Elementary school teachers to ‘take a pause’ on voluntary activities

TORONTO—Ontario’s 76,000 public elementary teachers and education professionals are being urged to ‘take a pause’ on voluntary activities in response the provincial government passing of Bill 115, as the teachers union feel it’s draconian legislation that strips them of their democratic rights.

“Given this extraordinary and unwarranted legislation, we are advising our members to ‘take a pause’ on the voluntary activities they undertake in schools,” said Sam Hammond, president of the Elementary Teachers Federation of Ontario (ETFO) in a release. “While they will remain focussed on teaching students and ensuring student safety, teachers and other educational professionals will need to consider very carefully what they can afford to do outside of their instructional responsibilities.”

ETFO is also introducing ‘McGuinty Mondays’ in protest of the legislation. Teachers and education professionals will be urged not to participate in school-based or system level meetings of any kind nor participate in regional ministry (education) meetings on Mondays for the foreseeable future.

This is the initial step in an escalating protest strategy, according to Mr. Hammond. “We do not take this action lightly. Ontarians and the government need to know that you cannot take away the democratic rights of working people simply to fulfill a political party’s agenda or ideology.”

The Ontario legislature voted to pass the controversial Bill 115 Tuesday morning. The ‘Putting Students First Act’ imposes a contract on elementary and secondary teachers across the province, as well as 50,000 support staff. The bill freezes wages, ends sick-day banking and bans strikes for two years.

Ontario Secondary School Teachers Federation/FFESO president expressed his outrage at the passing of the bill. “The passing of Bill 115 today represents one of the darkest days in the history of workers rights in recent memory,” said OSSTF/FEESO President Ken Coran. “This government has now passed a law that tramples on the rights of education workers in Ontario, and it appears that Premier McGuinty will be targeting other workers in the near future.”

“The passage of this law is undemocratic and unprecedented, and was unnecessary,” continued Mr. Coran. “Mr. McGuinty and Mr. Hudak have thumbed their noses at democratic rights in this province. This law now gives the minister of education sweeping powers over the negotiations process and takes away the ability of our members and the democratically elected school boards to engage in a free collective bargaining process that has been successful for many years.”

Algoma-Manitoulin MPP Michael Mantha said, “Dalton McGuinty has been desperate to create a crisis in education; one that was totally unnecessary. These are the type of game people of Ontario are tired of seeing.”

“This bill is unconstitutional and likely will be overturned by the Supreme Court, and because of that decision, and having to go through the court system, again families of Ontario will be footing the bill for millions of dollars,” said Mr. Mantha. “When you look at the million dollar e-health boondoggle, and others, we don’t deserve another multi-million dollar mistake from this government, but we have it,” he said, pointing out the NDP was the only party that voted against the bill. “In BC a similar case in the health care sector cost taxpayers $85 million; in this case there are 10 times more teachers in Ontario so this could easily cost taxpayers $780 million dollars.”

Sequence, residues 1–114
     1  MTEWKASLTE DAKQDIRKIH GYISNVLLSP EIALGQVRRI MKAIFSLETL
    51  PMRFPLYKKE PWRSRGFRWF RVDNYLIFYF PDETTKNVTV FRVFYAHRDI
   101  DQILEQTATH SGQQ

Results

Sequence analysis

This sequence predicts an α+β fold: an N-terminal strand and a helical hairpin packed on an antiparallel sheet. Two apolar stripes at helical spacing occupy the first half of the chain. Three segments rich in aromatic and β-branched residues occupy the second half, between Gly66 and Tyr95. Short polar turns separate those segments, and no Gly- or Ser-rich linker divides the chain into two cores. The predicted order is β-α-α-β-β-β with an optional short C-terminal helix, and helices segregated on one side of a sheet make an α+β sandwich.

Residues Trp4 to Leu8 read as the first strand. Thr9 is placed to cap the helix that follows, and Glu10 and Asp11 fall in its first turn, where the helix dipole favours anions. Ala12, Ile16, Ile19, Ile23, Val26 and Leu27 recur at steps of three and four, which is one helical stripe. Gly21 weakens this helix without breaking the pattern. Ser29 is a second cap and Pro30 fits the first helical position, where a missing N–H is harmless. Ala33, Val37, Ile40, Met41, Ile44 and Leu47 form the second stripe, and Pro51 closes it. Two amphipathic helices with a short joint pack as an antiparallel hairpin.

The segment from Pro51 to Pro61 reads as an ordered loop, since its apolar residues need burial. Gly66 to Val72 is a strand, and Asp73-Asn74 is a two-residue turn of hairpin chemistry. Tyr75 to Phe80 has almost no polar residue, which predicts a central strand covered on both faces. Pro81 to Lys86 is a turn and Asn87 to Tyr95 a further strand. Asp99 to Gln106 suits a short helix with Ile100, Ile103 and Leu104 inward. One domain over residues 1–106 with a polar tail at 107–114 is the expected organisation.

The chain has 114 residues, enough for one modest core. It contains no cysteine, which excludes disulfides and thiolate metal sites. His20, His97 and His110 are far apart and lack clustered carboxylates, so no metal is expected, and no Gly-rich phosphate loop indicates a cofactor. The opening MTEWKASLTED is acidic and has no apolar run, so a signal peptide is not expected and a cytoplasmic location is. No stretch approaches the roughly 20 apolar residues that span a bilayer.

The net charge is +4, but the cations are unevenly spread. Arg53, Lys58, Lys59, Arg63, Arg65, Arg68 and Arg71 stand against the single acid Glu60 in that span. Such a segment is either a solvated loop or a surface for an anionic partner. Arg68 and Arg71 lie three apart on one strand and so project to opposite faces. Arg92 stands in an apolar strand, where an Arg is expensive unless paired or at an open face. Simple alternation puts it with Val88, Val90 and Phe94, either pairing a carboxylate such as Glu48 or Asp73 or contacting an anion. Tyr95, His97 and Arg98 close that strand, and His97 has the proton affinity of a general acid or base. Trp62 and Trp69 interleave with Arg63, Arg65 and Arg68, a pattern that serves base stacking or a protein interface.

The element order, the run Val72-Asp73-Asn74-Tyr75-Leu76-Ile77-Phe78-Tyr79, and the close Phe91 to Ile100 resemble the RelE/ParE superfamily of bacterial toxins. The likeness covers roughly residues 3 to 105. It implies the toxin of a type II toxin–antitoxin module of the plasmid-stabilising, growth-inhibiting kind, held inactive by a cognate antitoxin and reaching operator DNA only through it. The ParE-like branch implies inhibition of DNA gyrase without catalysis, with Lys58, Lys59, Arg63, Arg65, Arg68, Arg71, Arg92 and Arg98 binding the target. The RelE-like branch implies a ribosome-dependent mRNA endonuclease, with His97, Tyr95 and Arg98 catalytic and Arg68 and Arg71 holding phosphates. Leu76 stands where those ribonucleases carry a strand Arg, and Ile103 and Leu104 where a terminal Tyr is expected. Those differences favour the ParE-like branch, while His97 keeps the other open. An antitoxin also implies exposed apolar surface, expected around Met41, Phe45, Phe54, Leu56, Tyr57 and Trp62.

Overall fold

“The government is creating a crisis that was never there; the teachers had agreed to the wage freeze, and agreed to continue in the classroom and with activities, but here we are with a legislation put forward by the McGuinty Government, a manufactured crisis we will all pay for,” added Mr. Manta.

On the issue of how OSSTF/FEESO will proceed with the negotiations process, Mr. Coran stated, “we will continue to follow the rules and laws that govern the collective bargaining process under the Ontario Labour Relations act in our attempts to secure agreements with our members employers; the school boards of Ontario. We will continue with local negotiations and urge the government to stop interfering with our legal right to collectively bargain.”

“Premier McGuinty should not expect our members or the workers of Ontario to sit idly while the government strips them of their basic and fundamental labour rights,” concluded Mr. Coran.

The Liberals and Progressive Conservatives voted in favour of the bill, with 82 votes for and 15 against.

The Canadian Civil Liberties Association has also complained about the bill, saying it’s unconstitutional and undemocratic.

Education Minister Laurel Broten has been quoted as saying she can’t stop anyone from challenging the legislation, but she believes it will stand up in court, feeling it is constitutional, reasonable and justified under the circumstances.

The new teacher and support staff contracts imposed by Bill 115 would help eliminate Ontario’s $15 billion deficit.

Dena Morrison, chief negotiator for the Rainbow District School Board (RDSB), said “the bill has been passed and we are still looking at in terms of the impact it will have on bargaining and students, but local bargaining continues. We will be moving forward in the legislative framework, which is about all I can say at this point. We will have to see how it goes at the bargaining table.”

As for the ‘take a pause’ being recommended by the ETFO, “we haven’t received any details or planned activities by teachers of our schools at this point,” said Ms. Morrison.

“Collective bargaining rights are central to ensuring that working people are treated with dignity, respect, and fairness in the workplace. If the premier can get away with abolishing our rights, we need to ask ‘who’s next’?” said Mr. Hammond. ETFO and others plan to challenge the legislation in court.

Tom Sasvari